UPDATED Wed., July 29 with Google statement.
All a hacker needs to get access to most Android phones is the telephone number tied to the device, according to security researcher Joshua Drake. Exploits Drake revealed today (July 27) don't require a user to open a corrupted website or download a malicious attachment; a phone simply needs to be able to accept texts and have Stagefright (Android's default media playback engine) installed.
Drake is the VP of Platform Research and Exploitation at Zimperium, a mobile-security firm based in Tel Aviv and San Francisco. A Zimperium company blog post stated that the Stagefright flaws are "the worst Android vulnerabilities discovered to date," due in part to how widespread Stagefright is. They estimate "95 percent of Android devices, an estimated 950 million devices," are at risk until a patch is applied.
Stagefright, which has been a part of Android the release of Android 2.2 Froyo in 2010, is still present in the current Android 5.1.1 Lollipop. Regarding the upcoming version of Android, Drake pointed out on Twitter that "Android M uses Stagefright," though he assured users that they should not worry, continuing by saying "I expect that the release version of Android M will ship with these bugs fixed already."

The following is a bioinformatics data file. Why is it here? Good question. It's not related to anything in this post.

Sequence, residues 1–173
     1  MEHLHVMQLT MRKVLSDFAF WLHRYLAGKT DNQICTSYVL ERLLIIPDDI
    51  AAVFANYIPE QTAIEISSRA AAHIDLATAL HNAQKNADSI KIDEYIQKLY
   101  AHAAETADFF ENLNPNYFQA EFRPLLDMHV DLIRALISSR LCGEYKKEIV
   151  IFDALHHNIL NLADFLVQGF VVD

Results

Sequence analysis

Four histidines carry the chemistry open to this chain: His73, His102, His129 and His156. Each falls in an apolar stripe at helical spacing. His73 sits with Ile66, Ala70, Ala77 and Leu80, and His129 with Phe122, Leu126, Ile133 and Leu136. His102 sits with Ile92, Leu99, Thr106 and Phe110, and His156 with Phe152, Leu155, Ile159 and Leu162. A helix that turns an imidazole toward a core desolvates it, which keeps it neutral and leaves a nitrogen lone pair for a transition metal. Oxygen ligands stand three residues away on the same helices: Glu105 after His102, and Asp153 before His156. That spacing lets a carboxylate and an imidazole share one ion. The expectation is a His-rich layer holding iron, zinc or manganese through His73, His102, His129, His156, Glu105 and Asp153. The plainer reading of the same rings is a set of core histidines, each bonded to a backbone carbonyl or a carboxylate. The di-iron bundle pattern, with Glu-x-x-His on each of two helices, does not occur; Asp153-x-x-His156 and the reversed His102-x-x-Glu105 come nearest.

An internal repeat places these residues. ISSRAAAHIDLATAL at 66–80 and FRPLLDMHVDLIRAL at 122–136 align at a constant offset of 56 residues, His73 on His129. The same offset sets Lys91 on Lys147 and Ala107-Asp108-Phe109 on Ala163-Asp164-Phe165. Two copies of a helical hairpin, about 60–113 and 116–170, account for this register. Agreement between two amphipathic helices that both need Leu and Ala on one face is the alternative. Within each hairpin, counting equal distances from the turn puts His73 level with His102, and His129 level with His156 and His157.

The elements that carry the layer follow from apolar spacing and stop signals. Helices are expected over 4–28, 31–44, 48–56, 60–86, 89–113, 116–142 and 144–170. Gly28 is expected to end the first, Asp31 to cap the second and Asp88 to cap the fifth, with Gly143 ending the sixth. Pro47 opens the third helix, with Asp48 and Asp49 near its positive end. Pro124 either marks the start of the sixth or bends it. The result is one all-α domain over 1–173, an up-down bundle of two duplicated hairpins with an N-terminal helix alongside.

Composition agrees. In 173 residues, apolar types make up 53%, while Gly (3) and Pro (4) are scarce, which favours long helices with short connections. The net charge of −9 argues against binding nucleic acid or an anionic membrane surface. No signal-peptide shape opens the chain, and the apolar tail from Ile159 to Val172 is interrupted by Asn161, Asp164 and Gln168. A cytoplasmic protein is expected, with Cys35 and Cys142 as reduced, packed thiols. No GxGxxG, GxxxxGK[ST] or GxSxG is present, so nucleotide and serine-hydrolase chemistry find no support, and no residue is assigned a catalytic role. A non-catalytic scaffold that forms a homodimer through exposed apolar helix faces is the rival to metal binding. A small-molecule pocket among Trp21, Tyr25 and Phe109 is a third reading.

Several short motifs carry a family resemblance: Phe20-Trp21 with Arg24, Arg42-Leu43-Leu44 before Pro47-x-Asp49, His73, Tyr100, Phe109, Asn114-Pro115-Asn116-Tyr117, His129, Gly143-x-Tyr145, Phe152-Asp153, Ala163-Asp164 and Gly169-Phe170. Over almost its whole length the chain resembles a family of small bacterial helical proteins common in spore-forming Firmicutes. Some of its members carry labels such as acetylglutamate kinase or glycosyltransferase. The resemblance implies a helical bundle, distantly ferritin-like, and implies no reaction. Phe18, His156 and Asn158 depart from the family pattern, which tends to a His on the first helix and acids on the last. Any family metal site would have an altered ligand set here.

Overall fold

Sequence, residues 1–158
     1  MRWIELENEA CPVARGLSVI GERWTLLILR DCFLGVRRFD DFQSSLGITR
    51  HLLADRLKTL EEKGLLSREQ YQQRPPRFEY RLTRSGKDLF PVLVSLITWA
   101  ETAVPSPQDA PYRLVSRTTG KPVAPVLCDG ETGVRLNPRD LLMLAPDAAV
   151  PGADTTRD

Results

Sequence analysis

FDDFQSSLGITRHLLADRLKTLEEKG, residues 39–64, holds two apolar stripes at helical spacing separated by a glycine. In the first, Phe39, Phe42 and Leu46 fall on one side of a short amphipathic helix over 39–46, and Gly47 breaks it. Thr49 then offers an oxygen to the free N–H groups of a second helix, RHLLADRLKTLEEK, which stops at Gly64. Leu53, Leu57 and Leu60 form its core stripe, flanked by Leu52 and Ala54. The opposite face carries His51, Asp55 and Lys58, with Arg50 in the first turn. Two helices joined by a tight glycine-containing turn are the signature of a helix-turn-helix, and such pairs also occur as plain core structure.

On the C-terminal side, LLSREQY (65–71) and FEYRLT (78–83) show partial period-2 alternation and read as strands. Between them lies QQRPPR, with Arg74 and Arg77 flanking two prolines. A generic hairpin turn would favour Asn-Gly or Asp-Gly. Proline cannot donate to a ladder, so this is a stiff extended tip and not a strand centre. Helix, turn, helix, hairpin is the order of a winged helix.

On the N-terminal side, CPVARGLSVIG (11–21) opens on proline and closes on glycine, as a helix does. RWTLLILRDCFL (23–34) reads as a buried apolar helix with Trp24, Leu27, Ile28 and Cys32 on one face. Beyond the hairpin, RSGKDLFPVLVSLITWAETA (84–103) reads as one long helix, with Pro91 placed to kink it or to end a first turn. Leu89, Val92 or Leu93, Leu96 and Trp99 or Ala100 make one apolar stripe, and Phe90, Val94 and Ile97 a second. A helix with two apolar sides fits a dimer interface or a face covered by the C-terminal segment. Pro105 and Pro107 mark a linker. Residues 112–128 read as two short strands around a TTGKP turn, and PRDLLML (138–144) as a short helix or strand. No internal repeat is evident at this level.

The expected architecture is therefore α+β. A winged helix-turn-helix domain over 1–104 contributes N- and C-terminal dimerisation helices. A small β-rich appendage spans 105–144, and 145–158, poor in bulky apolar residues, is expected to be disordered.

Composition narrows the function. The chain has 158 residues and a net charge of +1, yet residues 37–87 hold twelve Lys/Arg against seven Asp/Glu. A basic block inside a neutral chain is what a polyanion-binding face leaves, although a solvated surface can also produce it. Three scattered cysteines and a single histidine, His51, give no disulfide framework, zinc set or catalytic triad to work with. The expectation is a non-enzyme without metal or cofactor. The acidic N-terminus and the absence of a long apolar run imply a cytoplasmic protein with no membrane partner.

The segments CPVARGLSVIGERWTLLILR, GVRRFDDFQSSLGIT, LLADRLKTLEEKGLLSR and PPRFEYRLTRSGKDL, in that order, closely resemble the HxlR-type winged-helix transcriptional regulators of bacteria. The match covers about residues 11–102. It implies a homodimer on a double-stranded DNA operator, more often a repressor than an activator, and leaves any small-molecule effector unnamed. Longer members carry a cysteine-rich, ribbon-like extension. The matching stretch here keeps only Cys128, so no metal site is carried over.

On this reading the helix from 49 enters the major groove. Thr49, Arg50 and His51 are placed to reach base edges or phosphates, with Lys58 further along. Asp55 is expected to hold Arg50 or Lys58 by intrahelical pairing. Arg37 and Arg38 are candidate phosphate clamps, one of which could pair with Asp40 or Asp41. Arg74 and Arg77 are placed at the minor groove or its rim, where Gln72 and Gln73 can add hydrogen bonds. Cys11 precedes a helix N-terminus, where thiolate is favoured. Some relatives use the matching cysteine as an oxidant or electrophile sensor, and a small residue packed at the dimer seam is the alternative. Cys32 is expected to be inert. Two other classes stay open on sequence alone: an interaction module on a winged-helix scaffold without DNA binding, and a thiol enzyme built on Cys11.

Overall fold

More recent versions of Android have been engineered to keep application data separated, but the further back one's device is in the platform's history, the more access hackers could gain to one's phone. The turning point for Android security seems to be around Android 4.1 Jelly Bean, with Zimperium noting that pre-4.1 devices "(roughly 11 percent of devices) are at the worst risk due to inadequate exploit mitigations."
(The Zimperium post noted that SilentCircle's Blackphone handset, which runs a customized, "hardened" version of Android called PrivatOS, was already protected against Stagefright exploits.)
While Google worked with Drake to deftly create a patch to fix the Stagefright flaws, users now need Android device manufacturers to push the update down to devices. Those who have watched carriers and manufacturers take ages to issue updates may not hold their breath waiting for the fix.
Not only are devices running older software more at risk, but according to Zimperium, "Devices older than 18 months are unlikely to receive an update at all."
UPDATE: Google on July 28 issued a statement on the Stagefright flaws to various media outlets.
"This vulnerability was identified in a laboratory setting on older Android devices, and as far as we know, no one has been affected," the statement said. "As soon as we were made aware of the vulnerability we took immediate action and sent a fix to our partners to protect users."
"As part of a regularly scheduled security update," the statement continued, "we plan to push further safeguards to Nexus devices starting next week. And we'll be releasing it in open source when the details are made public by the researcher at Black Hat."
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